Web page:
Biological nitrogen fixation in a grazed perennial grass/clover ley and correlation with herbage and soil variables

Elly Møller Hansen, Henning Høgh Jensen, Jørgen Djurhuus

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In a grazed grass/clover pasture, biological nitrogen fixation (BNF) is a source of nitrogen (N). The determination of this N input and how it is influenced by N, phosphorus (P) and potassium (K) in the soil, is complicated by grazing animals, which cause variation in defoliation and soil mineral content in both space and time. In a perennial grass/clover ley on a commercial Danish organic farm, exclusively grazed by dairy cows, we investigated BNF, clover proportion of the herbage, accumulated dry matter of clover and N, P and K concentrations in separates of clover and grass in relation to inorganic concentrations of N, P and K in the soil. The N-15 natural abundance technique was used to determine the proportion of clover N derived from the atmosphere (pNdfa) using grass as a non-fixing reference. In September 1997, soil and biomass sampling was carried out on 81 randomly selected plots. The value of pNdfa was on average 0.6, ranging from 0.12 to 0.96 and BNF exhibited a significant but weak correlation (r = 0.432) with accumulation of dry matter in clover. For the significant correlations, r varied between -0.403 and 0.648. The proportion of clover in the sampled herbage averaged 48%, ranging between 18 and 78%, but varied independently of BNF. Due to a high concentration of P and moderate to high concentration of K in the soil, clover and grass were well supplied with P and K, which was confirmed by the concentrations of K and P in shoot material.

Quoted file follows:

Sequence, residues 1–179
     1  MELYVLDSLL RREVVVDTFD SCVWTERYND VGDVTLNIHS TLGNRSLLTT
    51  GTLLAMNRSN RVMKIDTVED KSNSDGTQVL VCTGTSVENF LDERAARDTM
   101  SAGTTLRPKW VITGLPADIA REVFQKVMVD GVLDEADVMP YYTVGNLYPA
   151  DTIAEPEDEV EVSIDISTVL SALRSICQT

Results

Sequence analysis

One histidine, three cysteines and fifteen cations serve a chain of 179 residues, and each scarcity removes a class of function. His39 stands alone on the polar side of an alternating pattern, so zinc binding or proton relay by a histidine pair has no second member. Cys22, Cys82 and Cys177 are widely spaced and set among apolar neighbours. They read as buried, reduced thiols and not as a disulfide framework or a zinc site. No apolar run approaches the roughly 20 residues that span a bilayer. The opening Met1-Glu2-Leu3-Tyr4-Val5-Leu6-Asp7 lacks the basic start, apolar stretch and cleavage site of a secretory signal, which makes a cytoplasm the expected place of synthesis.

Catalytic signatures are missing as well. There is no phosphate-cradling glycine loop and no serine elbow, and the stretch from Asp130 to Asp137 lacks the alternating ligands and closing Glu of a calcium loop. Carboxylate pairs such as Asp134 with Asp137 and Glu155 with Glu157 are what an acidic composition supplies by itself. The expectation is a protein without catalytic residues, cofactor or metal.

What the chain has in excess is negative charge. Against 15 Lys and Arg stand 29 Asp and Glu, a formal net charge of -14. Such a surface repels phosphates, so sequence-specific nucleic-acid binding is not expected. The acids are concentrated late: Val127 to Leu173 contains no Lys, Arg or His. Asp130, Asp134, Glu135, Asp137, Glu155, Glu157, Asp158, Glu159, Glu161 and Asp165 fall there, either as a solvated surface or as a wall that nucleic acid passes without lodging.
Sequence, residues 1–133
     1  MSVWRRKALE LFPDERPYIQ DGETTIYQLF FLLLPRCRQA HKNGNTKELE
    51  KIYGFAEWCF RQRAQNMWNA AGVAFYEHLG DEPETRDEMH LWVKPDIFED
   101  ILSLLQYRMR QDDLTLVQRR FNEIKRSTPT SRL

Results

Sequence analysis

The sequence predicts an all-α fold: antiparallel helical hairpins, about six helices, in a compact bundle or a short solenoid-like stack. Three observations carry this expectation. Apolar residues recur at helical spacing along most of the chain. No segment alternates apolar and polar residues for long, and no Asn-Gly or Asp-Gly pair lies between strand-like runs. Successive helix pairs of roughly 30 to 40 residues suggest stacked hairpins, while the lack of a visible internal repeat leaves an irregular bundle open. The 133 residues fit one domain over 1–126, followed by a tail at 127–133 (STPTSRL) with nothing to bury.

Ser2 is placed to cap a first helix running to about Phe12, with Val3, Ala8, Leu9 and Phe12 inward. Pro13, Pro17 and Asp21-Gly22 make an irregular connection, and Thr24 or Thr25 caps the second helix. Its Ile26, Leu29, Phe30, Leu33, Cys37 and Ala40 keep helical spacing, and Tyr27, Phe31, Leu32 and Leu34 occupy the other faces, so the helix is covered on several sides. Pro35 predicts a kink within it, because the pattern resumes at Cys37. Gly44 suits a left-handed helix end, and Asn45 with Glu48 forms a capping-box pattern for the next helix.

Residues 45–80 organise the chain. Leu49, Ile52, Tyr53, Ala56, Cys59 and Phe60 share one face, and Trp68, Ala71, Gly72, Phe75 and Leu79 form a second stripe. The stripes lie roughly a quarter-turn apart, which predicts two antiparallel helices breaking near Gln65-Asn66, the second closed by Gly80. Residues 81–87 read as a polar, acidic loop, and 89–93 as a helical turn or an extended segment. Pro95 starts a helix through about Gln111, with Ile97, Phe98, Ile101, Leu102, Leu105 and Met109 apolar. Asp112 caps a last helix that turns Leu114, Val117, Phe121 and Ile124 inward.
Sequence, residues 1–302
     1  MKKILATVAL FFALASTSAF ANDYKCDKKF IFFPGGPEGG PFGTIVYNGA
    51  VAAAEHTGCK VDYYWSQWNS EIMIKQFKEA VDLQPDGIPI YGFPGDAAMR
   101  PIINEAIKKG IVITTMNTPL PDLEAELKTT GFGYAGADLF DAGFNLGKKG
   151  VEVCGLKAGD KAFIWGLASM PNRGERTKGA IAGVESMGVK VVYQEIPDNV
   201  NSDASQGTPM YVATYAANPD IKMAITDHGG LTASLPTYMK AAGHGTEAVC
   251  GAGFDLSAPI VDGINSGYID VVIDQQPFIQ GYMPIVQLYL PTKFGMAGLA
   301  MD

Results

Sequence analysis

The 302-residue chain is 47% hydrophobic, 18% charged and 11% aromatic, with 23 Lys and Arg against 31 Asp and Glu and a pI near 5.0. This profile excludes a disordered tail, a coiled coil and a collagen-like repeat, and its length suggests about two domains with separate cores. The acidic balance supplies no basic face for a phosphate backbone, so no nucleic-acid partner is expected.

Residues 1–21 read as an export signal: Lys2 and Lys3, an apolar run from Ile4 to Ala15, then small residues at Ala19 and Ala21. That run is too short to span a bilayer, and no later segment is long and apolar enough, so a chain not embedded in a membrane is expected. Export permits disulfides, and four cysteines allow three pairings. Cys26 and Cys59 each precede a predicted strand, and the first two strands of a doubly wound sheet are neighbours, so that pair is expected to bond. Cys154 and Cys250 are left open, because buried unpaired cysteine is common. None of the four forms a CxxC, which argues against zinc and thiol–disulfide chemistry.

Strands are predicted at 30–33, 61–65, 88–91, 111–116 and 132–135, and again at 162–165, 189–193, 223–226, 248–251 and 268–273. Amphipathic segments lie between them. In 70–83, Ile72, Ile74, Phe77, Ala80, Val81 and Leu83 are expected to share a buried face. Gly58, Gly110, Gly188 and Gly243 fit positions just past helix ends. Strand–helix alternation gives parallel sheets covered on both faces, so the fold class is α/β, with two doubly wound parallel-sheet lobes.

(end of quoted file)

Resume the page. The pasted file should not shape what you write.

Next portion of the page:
(C) 2002 Elsevier Science B.V. All rights reserved.
Original languageEnglish
JournalEuropean Journal of Agronomy
Issue number4
Pages (from-to)309-320
Publication statusPublished - 2002
Externally publishedYes


  • Spatial variation
  • Pasture
  • Potassium
  • Phosphorus


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